The other factor you have to deal with is the weather/temperature at the time impressions are taken. No kidding, when I moved to a very dry place one mile high, I was still going back to my old town at sea level with higher humidity for impressions to be taken. Mistake. Even temperature and humidity can impact the shape of your ear canal. How I wish that some kind of laser device could take a precise size/shape of our ear canal to be used for the final earmold - but this is simply not available everywhere yet.
When one of my aids comes back “squeaky/leaky”, I just have the audiologist run “feedback management” to cut the squeak. However, that adjustment also diminishes the high frequencies, and leaves me feeling like I paid a bundle for compromised results. Sadly, few - if ANY - audiologists will take a new impression and have the case remolded. I have even offered to PAY FOR the new impression (which is only like $100 max per ear?). To no avail, I’ve never had that aid redone. Instead, I limp along with it, cursing and looking forward to the day a few years out when I start the whole procedure over again.
So it really is crucial for you to have the best possible conditions under which to have your impressions taken. Good luck to you in this endeavor. Let us know how it works out.
Bob, I had a similar experience. VA outsources to a local provider here (Veterans Choice), and I am not happy at all with them. I have severe loss. My last pair was about 5 years ago. She insisted that I get molds due to the extent of my loss in both ears.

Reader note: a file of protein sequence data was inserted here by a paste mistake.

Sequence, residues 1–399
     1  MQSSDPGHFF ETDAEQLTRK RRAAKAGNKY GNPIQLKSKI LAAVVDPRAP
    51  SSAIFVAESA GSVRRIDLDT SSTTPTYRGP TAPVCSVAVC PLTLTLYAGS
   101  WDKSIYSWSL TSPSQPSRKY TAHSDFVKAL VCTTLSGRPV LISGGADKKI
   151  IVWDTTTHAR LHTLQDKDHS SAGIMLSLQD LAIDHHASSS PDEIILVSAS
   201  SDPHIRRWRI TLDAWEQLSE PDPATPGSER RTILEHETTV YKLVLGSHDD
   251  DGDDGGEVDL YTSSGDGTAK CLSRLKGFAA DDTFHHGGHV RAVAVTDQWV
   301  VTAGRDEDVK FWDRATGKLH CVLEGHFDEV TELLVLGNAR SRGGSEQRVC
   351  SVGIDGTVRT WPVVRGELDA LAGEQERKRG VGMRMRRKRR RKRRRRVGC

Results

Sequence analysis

From past experience, I told her that I wanted domes. Nope.
So I got hard molds (receiver in the ear Phonaks), and as expected, they hurt after an hour or two. She said there was not enough material to try to grind/buff them down.
Then she ordered soft molds. No help.
I bought my own power receivers with power domes (double domes), and they have been working fine. No occlusion or feedback. I realize that I may not be getting best performance from domes, but I can wear them all day ok.
I got the software and hardware to program them myself, instead of having to make multiple trips and waiting for appointments to get them adjusted correctly.
Now I am due for new aids, because my hearing has gotten worse and the aids are 5 years old. I went through the same arguments again with the latest audiologist.
Am waiting to see what she ordered and if they will work ok.
If not, I may just bite the bullet and make the long 120 mile trip to the closest VA medical center.
Can you contact the old fitter you liked with the VA? If there isn’t another office in your area, you might discuss/try the Rexton 3D. It has been a good while since you got these aids. I’m sure that you’d qualify for new aids. Make sure the VA has this info. It will help others in the future.
With the 3d aids, you fittter 120 miles away can adjust them for you over the internet.
@doc_jakey was with the VA in the audiology field and often has solid advice for vets next step. I’m sure he can chip in with good advice for you.
VA aids will be replaced every 4 years. We never outsourced local for molds. They were always done by the manufacturer of the aids. With the Siemens aids we used their 3d scanner and just send the image. Where are you that you are 120 miles. Most OPCs now have audiology dept’s.
If that’s your audiogram you should be researching implants.